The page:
Moreover, we need unity among the bishops on this issue. We accept as given that all our bishops oppose abortion wholeheartedly; what we need to consider is how to address practically this blatant rejection of the Church’s teaching by certain public representatives. Many bishops understandably desire to avoid what could become a very public encounter — after all, they have just admonished again these wayward politicians. Unfortunately, these politicians continue to place their shepherds in a very difficult position by insisting on their good standing within the Church. With this claim, they undermine not only episcopal authority but the authority and integrity of the Church.
The Catechism describes the bishops’ sanctifying office as guarding the Eucharist within their dioceses (cf. 893), which includes, although it cannot be the most joyous of tasks, “the responsibility to make sure that the Sacrament is distributed only to those who are properly disposed,” as Archbishop Raymond Burke explained in a recent interview. Since the bishops have been charged by God with this sacred responsibility, and since the Eucharist is threatened equally in each of their dioceses, their unified actions will sanctify the whole Church and the faithful who strive with all their hearts to follow God’s laws. Of course, we must recognize that these decisions to withhold Communion are, above all, ones of charity for the persons involved and for the Church, not of vengeance or anger, as some may charge.
Second, in the next two months leading up to the election, I invite the bishops to consider asking the faithful not to vote for a single candidate who supports abortion. I am not suggesting that bishops and priests should tell the faithful whom they should vote for, but rather that they urge Catholics to become single-issue voters this November.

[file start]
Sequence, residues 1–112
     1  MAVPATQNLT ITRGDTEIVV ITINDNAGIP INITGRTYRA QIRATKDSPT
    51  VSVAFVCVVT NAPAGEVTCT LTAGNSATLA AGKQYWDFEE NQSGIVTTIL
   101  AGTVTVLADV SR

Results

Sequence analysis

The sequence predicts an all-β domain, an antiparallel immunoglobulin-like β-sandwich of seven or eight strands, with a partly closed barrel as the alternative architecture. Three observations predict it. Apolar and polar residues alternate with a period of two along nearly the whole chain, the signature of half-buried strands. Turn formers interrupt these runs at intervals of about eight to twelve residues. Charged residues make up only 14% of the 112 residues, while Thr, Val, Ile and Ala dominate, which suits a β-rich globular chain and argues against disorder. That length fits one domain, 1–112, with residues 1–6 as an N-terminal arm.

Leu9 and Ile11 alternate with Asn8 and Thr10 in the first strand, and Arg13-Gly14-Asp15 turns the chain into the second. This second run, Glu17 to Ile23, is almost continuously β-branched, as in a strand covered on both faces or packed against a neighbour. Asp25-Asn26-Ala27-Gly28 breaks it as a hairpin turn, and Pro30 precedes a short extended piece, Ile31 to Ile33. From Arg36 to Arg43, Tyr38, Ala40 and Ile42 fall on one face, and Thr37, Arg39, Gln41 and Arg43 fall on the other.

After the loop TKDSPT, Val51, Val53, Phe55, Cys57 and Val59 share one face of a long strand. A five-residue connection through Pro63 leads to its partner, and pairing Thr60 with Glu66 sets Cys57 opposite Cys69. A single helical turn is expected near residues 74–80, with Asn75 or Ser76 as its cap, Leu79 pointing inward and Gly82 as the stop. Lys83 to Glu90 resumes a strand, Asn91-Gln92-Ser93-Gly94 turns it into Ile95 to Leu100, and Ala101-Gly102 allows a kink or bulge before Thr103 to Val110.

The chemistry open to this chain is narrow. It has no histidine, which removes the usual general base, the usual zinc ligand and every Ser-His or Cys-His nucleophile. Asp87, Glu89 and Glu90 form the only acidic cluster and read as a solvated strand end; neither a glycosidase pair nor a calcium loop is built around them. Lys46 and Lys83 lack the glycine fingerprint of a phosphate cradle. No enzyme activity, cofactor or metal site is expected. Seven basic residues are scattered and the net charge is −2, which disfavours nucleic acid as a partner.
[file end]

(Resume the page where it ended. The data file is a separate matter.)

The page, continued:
Certainly, this is a difficult request: There are many worthy issues, dear to many Catholics, that touch on human life and human dignity. Nevertheless, as the bishops made clear in their “Statement on Responsibilities of Catholics in Public Life,” “abortion is a grave violation of the most fundamental human right — the right to life that is inherent in all human beings, and that grounds every other right we possess.”
The right to life encompasses all other aspects of human dignity that they list in the same document, namely, “priority for the poor, the protection of family life, the pursuit of justice and the promotion of peace.” Candidates, Catholic or otherwise, cannot honestly champion these core elements of human dignity while promising to uphold legal abortion, for abortion directly contradicts each of these elements for the poorest and most helpless members of our society. In his statement last week, Edward Cardinal Egan made this same point about such candidates:
Anyone who dares to defend that they [the unborn] may be legitimately killed because another human being “chooses” to do so or for any other equally ridiculous reason should not be providing leadership in a civilized democracy worthy of the name.
This suggestion is not an exhortation to collude with the Republican Party. Rather, it invites the bishops to ask the faithful to place their Catholic faith above their party loyalties, and to vote primarily on the one issue that is the very foundation of human dignity and of Christian morality. There is no shame in Catholics voting on a single issue when the issue is life itself: Every other issue depends on it.